Whether you like consistency, appreciate narrative similarity, or just adhere mostly to one particular genre, these articles can act as your guide to discovering something new. For decades there has been an influx of remakes, sequels and franchise films that have such distinct similarities in story and formula, so it’s not exactly hard nowadays to find films to watch together. But, that’s not always a bad thing. Some of the very best films have an undiscovered sibling out there just waiting to be heard. So we wanted to give those films a nod, and in the process rejoice, not just in films of similar story, but the welcoming contrast films have with each other as well.
But I’m A Cheerleader! (1999) / The Miseducation of Cameron Post (2018)
1999 is probably one of the best years in cinema history, at the very top in quality saw the likes of the now classic Fight Club, Paul Thomas Anderson’s Magnolia and even Kubrick’s last film Eyes Wide Shut. Among the hefty year came Jamie Babbit’s teenage satire, But I’m a Cheerleader! Full of great performances pretty much all around, Babbit gave a more mainstream voice to the LBGT community, using the much-needed message of individualism and counteracting it with the satirical humour of the teenage representation. As cheerleader Megan is sent to a ‘rehab’ for her sexuality, she slowly becomes more aware of her feelings through a fellow camp member Graham (played the always wonderful Clea DuVall). This film may not grasp the levity of it’s message very well, but it’s an understandable compromise so that the film can find it’s alternative voice as both a romantic comedy and teenage satire.
Just 19 years later came another film with the same concept, but with a hell of a different approach. As Desiree Akhavan’s quaint indie drama follows Cameron, played by Chloe Grace Moretz, being sent to a Christianity driven camp after being caught with her friend in sexual activity on prom night. The Miseducation of Cameron Post follows a similar story, however, tackles the reality of it’s situation with unflinching emotion. With it being an indie drama it feels like there is much more freedom to explore it’s message and themes, not just focusing on religion vs. sexuality, but the oppression of feelings and the manipulation of the teenage mind to steer them in the ‘right’ direction. All of this does mess with the film’s structure a little, but it’s uncompromising message and great performances are worth the watch regardless.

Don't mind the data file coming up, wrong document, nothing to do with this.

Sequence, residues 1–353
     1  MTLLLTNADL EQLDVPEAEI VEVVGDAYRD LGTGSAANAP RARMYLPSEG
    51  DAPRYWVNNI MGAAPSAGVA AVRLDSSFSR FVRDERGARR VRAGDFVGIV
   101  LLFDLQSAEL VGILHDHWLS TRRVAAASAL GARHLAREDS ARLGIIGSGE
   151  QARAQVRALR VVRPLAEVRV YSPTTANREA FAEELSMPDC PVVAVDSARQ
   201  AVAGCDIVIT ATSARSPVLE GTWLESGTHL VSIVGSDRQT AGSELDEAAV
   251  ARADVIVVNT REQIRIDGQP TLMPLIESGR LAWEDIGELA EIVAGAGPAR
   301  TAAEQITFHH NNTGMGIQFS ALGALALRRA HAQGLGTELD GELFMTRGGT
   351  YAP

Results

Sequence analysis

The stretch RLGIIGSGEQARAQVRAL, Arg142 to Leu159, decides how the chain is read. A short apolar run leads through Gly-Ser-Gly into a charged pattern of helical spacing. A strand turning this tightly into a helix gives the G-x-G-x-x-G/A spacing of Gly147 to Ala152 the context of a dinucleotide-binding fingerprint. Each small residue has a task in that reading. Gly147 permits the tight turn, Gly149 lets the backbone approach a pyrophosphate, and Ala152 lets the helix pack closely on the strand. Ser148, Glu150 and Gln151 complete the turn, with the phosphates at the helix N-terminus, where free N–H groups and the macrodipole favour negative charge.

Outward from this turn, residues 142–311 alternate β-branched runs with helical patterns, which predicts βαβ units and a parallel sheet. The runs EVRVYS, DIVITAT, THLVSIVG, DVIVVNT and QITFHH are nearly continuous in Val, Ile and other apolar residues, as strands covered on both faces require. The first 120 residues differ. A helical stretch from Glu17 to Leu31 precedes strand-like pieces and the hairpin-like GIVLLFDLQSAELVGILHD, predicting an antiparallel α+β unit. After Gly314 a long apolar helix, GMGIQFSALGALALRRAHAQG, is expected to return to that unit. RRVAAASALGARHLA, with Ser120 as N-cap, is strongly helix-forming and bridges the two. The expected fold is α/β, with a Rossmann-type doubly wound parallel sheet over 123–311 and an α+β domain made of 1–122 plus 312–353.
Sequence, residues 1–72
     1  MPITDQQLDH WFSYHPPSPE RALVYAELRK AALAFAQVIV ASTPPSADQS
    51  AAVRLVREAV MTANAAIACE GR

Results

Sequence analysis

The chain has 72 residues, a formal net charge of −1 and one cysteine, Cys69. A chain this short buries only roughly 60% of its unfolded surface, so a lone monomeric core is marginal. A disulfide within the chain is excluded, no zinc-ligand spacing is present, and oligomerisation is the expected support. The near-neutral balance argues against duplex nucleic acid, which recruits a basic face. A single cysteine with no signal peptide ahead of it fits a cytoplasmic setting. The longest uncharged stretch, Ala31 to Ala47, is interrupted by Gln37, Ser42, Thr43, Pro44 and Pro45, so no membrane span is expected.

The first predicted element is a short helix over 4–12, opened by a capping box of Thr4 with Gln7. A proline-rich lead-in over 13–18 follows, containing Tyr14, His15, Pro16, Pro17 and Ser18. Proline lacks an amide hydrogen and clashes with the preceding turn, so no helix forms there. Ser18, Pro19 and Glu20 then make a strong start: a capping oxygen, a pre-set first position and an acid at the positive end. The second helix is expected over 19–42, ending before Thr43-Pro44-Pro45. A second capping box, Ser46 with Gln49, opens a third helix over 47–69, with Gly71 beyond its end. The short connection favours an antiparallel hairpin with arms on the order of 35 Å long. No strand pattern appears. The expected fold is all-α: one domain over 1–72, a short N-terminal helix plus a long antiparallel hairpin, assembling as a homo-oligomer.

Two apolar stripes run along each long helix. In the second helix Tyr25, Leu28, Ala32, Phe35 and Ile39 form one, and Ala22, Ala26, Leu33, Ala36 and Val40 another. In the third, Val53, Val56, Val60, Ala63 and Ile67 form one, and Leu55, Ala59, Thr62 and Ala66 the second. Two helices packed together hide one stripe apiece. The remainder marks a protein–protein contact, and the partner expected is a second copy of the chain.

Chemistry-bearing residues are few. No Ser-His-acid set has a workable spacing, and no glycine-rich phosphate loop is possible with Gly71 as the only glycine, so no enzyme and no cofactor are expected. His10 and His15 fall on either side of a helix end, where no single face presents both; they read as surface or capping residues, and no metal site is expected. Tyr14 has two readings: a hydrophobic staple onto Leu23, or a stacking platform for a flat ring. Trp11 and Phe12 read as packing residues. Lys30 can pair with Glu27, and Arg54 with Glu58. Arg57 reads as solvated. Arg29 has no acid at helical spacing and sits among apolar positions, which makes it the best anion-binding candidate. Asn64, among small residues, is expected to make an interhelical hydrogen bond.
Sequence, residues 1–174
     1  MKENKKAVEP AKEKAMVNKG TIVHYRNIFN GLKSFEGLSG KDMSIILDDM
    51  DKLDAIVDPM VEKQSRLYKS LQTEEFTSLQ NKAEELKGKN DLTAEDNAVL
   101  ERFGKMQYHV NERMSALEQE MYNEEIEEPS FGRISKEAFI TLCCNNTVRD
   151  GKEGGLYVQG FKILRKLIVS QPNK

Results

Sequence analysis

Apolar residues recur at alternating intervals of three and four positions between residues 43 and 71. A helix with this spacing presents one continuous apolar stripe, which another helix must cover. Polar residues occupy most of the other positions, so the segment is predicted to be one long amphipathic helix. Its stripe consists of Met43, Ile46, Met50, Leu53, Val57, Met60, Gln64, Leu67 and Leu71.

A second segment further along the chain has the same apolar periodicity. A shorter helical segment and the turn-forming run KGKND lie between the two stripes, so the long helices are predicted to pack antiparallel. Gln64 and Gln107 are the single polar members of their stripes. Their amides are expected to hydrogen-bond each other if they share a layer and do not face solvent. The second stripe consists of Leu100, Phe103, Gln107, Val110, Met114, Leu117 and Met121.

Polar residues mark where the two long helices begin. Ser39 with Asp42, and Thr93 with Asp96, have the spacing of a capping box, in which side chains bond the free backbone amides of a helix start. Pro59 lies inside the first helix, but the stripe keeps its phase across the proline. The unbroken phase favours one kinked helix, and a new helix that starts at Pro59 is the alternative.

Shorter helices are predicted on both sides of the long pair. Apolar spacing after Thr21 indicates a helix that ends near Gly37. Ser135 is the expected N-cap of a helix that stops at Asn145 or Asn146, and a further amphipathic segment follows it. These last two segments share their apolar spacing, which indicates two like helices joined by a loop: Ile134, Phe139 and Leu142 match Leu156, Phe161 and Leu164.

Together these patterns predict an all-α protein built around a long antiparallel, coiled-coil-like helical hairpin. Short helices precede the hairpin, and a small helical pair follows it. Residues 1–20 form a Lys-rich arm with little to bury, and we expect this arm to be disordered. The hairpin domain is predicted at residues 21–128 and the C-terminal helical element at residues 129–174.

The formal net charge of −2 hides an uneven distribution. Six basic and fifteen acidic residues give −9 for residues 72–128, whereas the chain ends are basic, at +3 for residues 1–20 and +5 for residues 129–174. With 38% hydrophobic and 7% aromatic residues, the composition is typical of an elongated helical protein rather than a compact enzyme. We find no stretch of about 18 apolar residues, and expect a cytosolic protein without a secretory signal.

But I’m A Cheerleader! and The Miseducation of Cameron Post are perfect examples of people with the same opinions and beliefs using the medium of film to express them, but the stark contrast in both films is staggering. One uses comedy and satire to relay it’s messages clearly, and the second uses the free spirited nature of it’s indie style and characters to deliver a much more unflinching film. Both should be considered important for the a community they are portraying, but the contrast in style and writing leave enough variation to enjoy these films one after the other.
Die Hard (1988) / Speed (1994)
In 1988 John McTiernan changed the landscape of the Action genre with the now classic Die Hard. Matching both a tongue-and-cheek script with the high-octane action is a work of genius that has been attempted numerous times, but no one has quite captured the magic of a seemingly everyday guy like John McClane powering his way through german terrorists. For the very small group of people who haven’t heard of Die Hard, it’s about NYPD cop John McClane trying to save his wife, and her co-workers, from German terrorists led by Hans Gruber, played by the untouchable Alan Rickman. While Die Hard is probably the most rewatchable film of all time, it’s the balance of action and story, along with pitch perfect performances that make this as a staple of it’s genre and a defining feature of 80s Hollywood.
To this day Die Hard has spawned so many films that follow the same structure and basic character archetype, and while none are quite as perfect, the closest the Action genre has come is with Jan de Bont’s 1994 Speed. To Die Hard fans this may be referred to as ‘Die Hard on a Bus’, but through all the similarities Speed somehow finds it’s voice. It’s very basic plot is the absolute pinnacle of ‘working against the clock’, something that every action script usually has, which perpetually leaves you on the edge of your seat. As the bus hurls it’s way through Los Angeles full throttle it gives you no chance to come up for air, and honestly there aren’t many action films that have that power.
While the two films before had the same message with contrasting styles, Die Hard and Speed have the exact same styles of action, but it’s the similarities that make each of them work well together. Both Bruce Willis and Keanu Reeves, while limited in their acting style, fit perfectly into the world that’s built around them, and each of their conflicts are matched equally by sublime villains in the form of Alan Rickman’s Hans Gruber and Dennis Hopper’s Howard Payne. The deadpan delivery of each line compliments every aspect of action set-pieces, both the nonchalant weariness of Bruce Willis and the over-the-top blandness of Keanu Reeves work perfectly to make each one a product of their surroundings. Despite these two films paralleling in style, both have enough change to give them individuality, and when the two are mashed together you’re in for 3 and half hours of perfect popcorn escapism.